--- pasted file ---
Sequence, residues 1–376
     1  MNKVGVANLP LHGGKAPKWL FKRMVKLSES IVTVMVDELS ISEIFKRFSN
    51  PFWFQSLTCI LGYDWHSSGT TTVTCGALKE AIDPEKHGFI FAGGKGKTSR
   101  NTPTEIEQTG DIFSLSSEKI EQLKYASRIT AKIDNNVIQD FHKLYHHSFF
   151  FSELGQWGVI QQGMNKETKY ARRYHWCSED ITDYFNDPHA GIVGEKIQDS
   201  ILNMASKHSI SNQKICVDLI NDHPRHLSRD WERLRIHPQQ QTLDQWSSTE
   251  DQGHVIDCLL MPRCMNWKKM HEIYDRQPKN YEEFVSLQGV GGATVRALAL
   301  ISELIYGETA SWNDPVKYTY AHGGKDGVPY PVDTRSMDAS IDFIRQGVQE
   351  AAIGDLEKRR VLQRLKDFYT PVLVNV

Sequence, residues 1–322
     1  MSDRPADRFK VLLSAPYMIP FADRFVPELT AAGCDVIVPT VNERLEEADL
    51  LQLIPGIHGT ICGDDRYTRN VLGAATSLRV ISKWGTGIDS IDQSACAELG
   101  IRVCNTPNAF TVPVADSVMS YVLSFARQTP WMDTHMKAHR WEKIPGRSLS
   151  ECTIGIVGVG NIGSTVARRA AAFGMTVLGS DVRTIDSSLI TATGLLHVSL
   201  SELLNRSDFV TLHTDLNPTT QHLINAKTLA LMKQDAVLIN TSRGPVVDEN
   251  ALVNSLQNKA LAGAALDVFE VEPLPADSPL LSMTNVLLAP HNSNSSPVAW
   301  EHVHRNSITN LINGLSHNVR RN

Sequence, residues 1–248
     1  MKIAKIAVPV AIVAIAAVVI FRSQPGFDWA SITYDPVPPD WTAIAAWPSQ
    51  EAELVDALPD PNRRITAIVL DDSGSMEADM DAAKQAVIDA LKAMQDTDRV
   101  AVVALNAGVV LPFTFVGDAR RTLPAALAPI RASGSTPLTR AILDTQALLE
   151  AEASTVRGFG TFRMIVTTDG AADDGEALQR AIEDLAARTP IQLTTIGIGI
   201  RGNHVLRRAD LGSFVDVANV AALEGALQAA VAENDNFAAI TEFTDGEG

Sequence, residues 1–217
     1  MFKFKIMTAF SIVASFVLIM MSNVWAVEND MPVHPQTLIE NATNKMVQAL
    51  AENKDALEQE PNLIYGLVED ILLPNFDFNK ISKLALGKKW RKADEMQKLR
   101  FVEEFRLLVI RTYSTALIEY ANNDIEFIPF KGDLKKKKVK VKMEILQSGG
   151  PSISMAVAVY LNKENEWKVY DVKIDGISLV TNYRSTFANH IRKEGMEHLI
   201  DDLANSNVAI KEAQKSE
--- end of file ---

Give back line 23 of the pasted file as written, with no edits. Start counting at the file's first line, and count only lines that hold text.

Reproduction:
   201  RGNHVLRRAD LGSFVDVANV AALEGALQAA VAENDNFAAI TEFTDGEG